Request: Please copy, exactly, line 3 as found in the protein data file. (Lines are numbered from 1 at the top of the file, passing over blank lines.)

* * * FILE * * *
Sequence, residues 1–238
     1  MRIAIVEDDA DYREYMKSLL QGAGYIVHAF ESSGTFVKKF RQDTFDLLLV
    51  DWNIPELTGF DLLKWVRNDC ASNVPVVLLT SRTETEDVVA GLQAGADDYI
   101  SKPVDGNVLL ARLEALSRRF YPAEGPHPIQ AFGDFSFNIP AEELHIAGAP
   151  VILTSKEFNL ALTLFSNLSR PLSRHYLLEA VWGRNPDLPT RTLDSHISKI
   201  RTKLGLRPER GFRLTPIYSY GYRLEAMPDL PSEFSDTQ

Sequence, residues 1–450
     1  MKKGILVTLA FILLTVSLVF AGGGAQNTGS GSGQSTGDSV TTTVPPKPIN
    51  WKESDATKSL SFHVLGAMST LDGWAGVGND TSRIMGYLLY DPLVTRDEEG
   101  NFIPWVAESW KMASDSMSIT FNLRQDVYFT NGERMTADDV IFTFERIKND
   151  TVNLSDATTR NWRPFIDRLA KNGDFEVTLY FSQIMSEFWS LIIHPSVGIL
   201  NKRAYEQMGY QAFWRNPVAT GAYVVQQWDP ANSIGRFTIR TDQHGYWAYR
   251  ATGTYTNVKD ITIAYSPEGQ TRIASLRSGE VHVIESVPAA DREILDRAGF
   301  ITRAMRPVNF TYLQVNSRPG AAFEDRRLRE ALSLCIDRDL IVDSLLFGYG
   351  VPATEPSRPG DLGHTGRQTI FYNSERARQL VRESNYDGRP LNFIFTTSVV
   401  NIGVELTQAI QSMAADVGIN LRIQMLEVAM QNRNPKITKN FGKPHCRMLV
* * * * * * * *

    51  DWNIPELTGF DLLKWVRNDC ASNVPVVLLT SRTETEDVVA GLQAGADDYI